By the way, I doubt nylon rings could move tight lugs enough (or at all) to cause wheel to move relative to hub so as to cause vibration. What you describe sounds more like a brake issue to me that was associated with heat buildup. Just guessing though.
 

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Discussion Starter #9
I have to believe it WAS your brakes. What would do that and return to “normal” is the puzzle.

I agree.

But then I'm not inclined to throw money at something unless I'm reasonably certain that the problem has been identified.

I've had hot spots on many vehicles in the past. Living in the mountains almost makes it a sure thing, eventually. And once you get 'em they don't just go away -- you can feel them anytime you get the brakes warm, much less hot.

I've climbed/descended dozens of big passes since this episode, and have not felt one iota of pulsing on any of them.

As such I have a hard time thinking it was the brakes.
 

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Discussion Starter #10
I have a set from early Sprinter (t1n) to Promaster if you want them you can have them for nothing. When I was looking I thought I found them online in steel or aluminum but I'm not positive. I did find many, many sources however. Some sizes are more popular than others of course. If you want mine I can measure them up for you.

They measure 79mm/83mm (79 is the inside for the Promaster, 83 the outside.

Thanks for the offer. Tire shop has offered to replace the current ones for $10, which is probably about what it'd cost you to ship 'em out here. If I decide to go that route, I'll likely just have them pull a set off the shelf.

But I do appreciate the offer.
 

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I've been re-reading this thread. Is there any possibility that the lug profile on the wheel and the lug profile on the lug aren't the same? I find it hard to believe that the only thing keeping your wheel truly centered is a nylon ring but a little google research shows that this is actually the primary purpose of a hub centric ring. Still, if the lug nut and the wheel don't have the same profile because someone ordered the wrong lugs or wheels, then the wheels aren't getting as tight as they could.They will torque to the right value, but don't really have any holding power under stress as the contact between lug and wheel is a thin line, not the whole surface of the conical seat. I've seen this in the motorcycle world, not sure if it's a thing in the car and truck world.

This place has aluminum rings at $35 for a 4 pack, and custom size ones for $60 if there isn't a stock size that works.
 

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I think you are correct and if the lugs are correct the centering rings are just a precaution. Aluminum is obviously better than nylon as is the correct size center hole to begin with but they don't hold anything on they only help when you're mounting the rims (if everything else is correct).
 

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Have you considered that your anti-locking braking system came into play when you braked hard? This system will chatter like crazy in a emergency braking stop. This is caused by the brakes being pulsated to keep the tires from loosing traction to stop you in a shorter distance than when the tires loose traction with the road surface. Read in your manual about panic stops with the anti-locking brake system. This may explain why after you stopped the problem went away.

MLogan
2017 Trend MH
Smyrna, TN
 

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Brake disks can warp and then go back to normal. I had a 90's Chevy G30 C class that did that many times. I never liked the brakes on that van. Many years ago I had a 78 Mustang whose front rotors would warp and NOT go back to normal. Lots of pulsing thru the pedal. That became an expensive issue and eventually I traded the car in because of it. My 08 Ford E350 van and my Promaster have taken all those same mountain roads over the years with no issues. No drama and no signs of heat warpage. Much better brakes!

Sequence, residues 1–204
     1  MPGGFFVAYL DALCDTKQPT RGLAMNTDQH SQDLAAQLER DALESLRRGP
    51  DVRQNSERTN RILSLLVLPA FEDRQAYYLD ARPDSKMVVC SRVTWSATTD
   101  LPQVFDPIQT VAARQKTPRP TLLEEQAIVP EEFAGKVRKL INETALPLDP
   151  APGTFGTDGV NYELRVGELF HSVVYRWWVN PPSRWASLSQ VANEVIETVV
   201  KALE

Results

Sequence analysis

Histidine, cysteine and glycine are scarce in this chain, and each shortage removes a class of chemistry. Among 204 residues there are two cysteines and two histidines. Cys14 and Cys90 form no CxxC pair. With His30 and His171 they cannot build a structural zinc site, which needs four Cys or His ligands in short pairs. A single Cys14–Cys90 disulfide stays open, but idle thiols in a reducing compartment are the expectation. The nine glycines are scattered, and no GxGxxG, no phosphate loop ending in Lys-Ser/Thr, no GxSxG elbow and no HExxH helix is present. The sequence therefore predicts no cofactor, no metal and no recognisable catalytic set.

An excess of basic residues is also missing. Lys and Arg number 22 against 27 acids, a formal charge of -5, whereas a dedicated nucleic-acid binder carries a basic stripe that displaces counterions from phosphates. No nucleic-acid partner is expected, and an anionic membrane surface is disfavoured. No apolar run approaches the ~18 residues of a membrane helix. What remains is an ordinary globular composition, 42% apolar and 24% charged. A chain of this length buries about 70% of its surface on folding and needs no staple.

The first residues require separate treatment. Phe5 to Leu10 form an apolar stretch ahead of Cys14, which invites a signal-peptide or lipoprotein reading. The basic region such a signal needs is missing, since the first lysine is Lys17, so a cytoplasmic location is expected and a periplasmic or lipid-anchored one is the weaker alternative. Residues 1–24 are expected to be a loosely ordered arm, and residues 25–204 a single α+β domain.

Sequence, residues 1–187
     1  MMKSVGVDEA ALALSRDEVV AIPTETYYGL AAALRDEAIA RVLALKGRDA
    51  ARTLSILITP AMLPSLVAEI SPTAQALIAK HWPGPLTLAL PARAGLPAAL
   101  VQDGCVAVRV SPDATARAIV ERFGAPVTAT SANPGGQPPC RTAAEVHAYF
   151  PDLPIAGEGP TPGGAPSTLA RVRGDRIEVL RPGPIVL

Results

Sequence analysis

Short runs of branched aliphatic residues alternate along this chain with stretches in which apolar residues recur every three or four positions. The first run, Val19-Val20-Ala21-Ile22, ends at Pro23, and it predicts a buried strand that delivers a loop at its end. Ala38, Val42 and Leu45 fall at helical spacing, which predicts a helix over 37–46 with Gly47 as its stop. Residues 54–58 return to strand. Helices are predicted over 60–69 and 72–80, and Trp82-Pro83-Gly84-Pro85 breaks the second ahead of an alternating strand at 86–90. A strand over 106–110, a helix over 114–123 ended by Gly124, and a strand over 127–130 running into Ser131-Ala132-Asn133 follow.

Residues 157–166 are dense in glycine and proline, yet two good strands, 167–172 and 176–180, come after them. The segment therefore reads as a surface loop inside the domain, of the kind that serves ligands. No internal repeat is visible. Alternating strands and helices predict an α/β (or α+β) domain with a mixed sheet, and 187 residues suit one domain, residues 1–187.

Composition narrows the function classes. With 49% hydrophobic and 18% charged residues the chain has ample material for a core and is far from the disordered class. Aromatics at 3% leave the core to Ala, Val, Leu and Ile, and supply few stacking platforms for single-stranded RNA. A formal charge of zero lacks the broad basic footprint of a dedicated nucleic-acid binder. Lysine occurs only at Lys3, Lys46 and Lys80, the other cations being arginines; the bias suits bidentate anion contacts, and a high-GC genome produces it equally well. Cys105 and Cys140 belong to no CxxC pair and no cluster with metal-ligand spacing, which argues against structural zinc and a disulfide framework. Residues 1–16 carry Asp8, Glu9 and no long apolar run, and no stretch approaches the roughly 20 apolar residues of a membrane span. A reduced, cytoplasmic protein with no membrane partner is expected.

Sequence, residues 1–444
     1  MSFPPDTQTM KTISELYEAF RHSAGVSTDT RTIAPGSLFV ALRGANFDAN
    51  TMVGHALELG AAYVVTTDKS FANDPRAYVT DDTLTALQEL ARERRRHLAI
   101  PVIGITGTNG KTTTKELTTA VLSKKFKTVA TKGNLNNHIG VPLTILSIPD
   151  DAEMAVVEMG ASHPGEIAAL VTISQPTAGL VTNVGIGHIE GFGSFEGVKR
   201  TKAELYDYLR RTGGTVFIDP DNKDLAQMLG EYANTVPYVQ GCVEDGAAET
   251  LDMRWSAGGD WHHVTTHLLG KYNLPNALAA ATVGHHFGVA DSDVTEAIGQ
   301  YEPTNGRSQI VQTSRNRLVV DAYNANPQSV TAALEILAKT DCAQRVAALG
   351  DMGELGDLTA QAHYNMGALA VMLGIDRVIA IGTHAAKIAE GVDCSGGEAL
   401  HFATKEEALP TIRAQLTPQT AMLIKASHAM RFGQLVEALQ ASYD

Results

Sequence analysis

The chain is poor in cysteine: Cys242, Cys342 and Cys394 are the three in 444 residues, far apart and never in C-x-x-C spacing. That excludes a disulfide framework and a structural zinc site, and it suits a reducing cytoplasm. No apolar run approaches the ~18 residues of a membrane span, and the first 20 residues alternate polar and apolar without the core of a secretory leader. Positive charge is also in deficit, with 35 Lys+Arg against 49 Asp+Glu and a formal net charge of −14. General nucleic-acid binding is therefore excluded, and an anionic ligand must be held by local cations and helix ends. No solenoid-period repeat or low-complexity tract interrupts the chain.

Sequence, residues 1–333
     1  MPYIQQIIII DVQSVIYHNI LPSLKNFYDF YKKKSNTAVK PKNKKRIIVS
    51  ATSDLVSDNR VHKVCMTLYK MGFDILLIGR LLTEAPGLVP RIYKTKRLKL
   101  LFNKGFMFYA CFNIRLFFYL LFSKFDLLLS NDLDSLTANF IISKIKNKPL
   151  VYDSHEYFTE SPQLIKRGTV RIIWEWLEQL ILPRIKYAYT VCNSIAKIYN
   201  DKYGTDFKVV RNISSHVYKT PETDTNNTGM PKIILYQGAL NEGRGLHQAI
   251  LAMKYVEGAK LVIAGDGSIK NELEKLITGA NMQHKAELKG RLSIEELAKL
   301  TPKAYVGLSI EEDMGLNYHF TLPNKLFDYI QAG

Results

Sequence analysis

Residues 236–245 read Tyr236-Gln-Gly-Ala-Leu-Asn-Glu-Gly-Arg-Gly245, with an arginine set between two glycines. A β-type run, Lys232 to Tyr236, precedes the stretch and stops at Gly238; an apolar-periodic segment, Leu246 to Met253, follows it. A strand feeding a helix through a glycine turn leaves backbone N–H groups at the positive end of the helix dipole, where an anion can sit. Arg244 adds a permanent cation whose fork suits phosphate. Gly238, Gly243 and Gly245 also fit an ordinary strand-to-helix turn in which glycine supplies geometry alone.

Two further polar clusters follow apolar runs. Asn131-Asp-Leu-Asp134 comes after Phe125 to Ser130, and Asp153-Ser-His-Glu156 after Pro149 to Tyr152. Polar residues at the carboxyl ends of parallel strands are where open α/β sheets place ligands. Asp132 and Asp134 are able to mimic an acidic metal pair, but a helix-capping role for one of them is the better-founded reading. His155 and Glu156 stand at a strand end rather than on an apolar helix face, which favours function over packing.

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Discussion Starter #15
Have you considered that your anti-locking braking system came into play when you braked hard? This system will chatter like crazy in a emergency braking stop. This is caused by the brakes being pulsated to keep the tires from loosing traction to stop you in a shorter distance than when the tires loose traction with the road surface. Read in your manual about panic stops with the anti-locking brake system. This may explain why after you stopped the problem went away.

MLogan
2017 Trend MH
Smyrna, TN


You deserve some sort of award.
 

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Just another thing to check: the symptoms sound similar to loose ball joints. Did the shop check other parts of the front end beyond the brakes and wheels? I have had an issue on my ford van where ball joints were worn and it created pulsing felt through the steering wheel at a specific speed and especially when braking downhill. It was just the right frequency of movement and I suspect pressure on the front end from braking that created the pulsing.
 

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I’m assuming the hub rings are spacers to get the correct offset, so that shouldn’t have any effect. It sounds to me like the brake pad tolerances we’re too tight and they heated up and swelled. I had that happen on a motorcycle at freeway speeds many years ago. It scared the crap out of me as the front end was literally shaking up and down.
 

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Discussion Starter #19
Just another thing to check: the symptoms sound similar to loose ball joints. Did the shop check other parts of the front end beyond the brakes and wheels? I have had an issue on my ford van where ball joints were worn and it created pulsing felt through the steering wheel at a specific speed and especially when braking downhill. It was just the right frequency of movement and I suspect pressure on the front end from braking that created the pulsing.

Ball joints were checked and are 100% fine.

Still no definitive conclusion on what caused this.
 

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FWIW My sprinter has Porsche Cayenne wheels modified to fit the sprinter hubs, When I bought another set to mount snows I "machined" out the center bore with a large hole saw chucked in my holehawg using a centering guide, then turned centering rings out of PVC pipe fittings on the lathe. These wheels also have aluminum offset spacers, Van now has 160,000 miles no issues. A theory about your wobble slash pulse; Stuck, sticky piston in a caliper, the long light application of brakes heating the assemblies perhaps sticking a piston, then hard braking showing up the unequal pressure, once temps and normal braking resumed the piston freed back up and the problem disappeared.